I got here on a search for overheating on my Immersion RC 600mw VTX. I took it apart…separated the metal RF shield from the PCB. What I found was troubling, there is actually an air gap between the transmitter IC and the inside bottom of the metal sheld. So while the metal shield does get hot, consider that heat is jumping an air gap so the IC must be ***really*** hot. So merely attaching a heat sink the metal sheld is problematic.
While I have no data on the heat tolerance of the unit, I am convinced the excess heat shortens the life of the unit.

I am going to post some photos and my solution over on, username is gpilot.

Matt 24th May 2016 - 6:49 am

would it be feasible to use the balance lead and only connect to 2 of the cells? The current draw is so low it shouldn’t damage the battery, provided it is always balance charged…

Oscar 24th May 2016 - 12:12 pm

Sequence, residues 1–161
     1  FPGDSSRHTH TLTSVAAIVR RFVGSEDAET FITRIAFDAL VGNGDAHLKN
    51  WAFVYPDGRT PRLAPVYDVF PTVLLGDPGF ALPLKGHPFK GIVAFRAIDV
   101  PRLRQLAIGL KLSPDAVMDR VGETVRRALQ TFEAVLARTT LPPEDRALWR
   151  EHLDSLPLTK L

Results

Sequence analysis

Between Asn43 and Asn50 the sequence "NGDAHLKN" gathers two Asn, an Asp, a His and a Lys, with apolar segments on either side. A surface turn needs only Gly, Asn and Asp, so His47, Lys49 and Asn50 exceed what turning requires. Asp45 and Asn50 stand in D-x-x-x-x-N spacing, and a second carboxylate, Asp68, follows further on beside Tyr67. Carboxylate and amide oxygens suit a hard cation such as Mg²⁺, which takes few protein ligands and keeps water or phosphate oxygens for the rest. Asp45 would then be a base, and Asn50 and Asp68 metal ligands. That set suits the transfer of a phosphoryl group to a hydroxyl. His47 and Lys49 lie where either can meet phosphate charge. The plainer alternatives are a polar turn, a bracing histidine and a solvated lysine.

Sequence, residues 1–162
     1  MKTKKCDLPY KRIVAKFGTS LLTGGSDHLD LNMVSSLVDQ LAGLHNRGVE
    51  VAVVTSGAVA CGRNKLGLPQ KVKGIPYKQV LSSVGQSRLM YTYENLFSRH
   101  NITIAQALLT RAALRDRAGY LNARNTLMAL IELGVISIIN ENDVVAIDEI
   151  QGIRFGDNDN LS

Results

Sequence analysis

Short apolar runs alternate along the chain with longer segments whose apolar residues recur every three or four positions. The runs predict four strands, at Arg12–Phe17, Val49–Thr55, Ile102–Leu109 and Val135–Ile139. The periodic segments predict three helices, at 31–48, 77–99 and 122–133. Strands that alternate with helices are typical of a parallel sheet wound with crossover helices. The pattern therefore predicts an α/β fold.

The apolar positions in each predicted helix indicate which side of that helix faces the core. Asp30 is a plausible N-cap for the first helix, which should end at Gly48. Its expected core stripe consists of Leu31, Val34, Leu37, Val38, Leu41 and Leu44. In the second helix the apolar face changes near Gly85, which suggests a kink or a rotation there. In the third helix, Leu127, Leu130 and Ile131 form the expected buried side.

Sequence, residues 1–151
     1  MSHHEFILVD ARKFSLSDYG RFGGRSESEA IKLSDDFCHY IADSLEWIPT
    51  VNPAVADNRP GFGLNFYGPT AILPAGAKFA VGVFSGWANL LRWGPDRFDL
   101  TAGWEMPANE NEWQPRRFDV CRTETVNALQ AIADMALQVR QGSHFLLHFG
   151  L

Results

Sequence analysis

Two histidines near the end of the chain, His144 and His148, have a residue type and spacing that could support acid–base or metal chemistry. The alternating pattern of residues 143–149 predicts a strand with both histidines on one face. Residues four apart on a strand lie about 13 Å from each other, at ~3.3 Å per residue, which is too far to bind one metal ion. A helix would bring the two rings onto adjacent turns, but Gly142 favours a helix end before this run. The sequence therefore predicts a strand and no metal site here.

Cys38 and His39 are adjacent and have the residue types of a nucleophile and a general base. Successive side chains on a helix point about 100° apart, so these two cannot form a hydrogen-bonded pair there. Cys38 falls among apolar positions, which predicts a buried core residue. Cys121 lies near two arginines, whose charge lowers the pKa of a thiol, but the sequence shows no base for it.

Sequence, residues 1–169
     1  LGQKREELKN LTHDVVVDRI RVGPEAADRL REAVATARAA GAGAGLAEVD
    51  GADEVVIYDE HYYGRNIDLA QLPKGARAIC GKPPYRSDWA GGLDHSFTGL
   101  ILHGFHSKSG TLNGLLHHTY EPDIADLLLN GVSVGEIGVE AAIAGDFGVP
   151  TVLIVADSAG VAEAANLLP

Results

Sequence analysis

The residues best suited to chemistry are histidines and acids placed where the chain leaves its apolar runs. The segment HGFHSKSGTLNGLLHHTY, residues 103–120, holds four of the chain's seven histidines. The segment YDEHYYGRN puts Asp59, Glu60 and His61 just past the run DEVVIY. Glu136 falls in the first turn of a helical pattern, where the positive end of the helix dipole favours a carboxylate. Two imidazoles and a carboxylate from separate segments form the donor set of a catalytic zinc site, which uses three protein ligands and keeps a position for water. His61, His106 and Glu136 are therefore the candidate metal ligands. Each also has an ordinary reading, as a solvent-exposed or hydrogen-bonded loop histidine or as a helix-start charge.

i guess you can, but i don’t like the messy wiring :D

Slawek 23rd May 2016 - 9:31 am

Hi Oscar.
I don’t see any VTX with linear voltage regulators. This TS5828 and others rated higher than 12V has switching regulators.
So if this switching power supply is good designed it should work fine with 4S battery.
Also there is one good option for better heat dissipation. You can add thermally conductive pad betwen components on PCB and metal case on VTX and then add external heatsink. But this require some solder skills.

MG 23rd May 2016 - 6:36 am

This post was simply more than useful! I’m waiting one of those TS5828s to arrive and it just saved me time and definitely some pain, since I wanted to simply plug it and run. Thx!


mick 23rd May 2016 - 5:58 am

Tried a 4S battery? In theory it’s the power that generates heat. And the power should be the same no matter what voltage you give it. Lower voltage=higher current to provide a given power level. Of course the is some dropout voltage coming from a voltage reg maybe. But it should be the same

Ozzymuppet 23rd May 2016 - 3:04 am

Great article as always..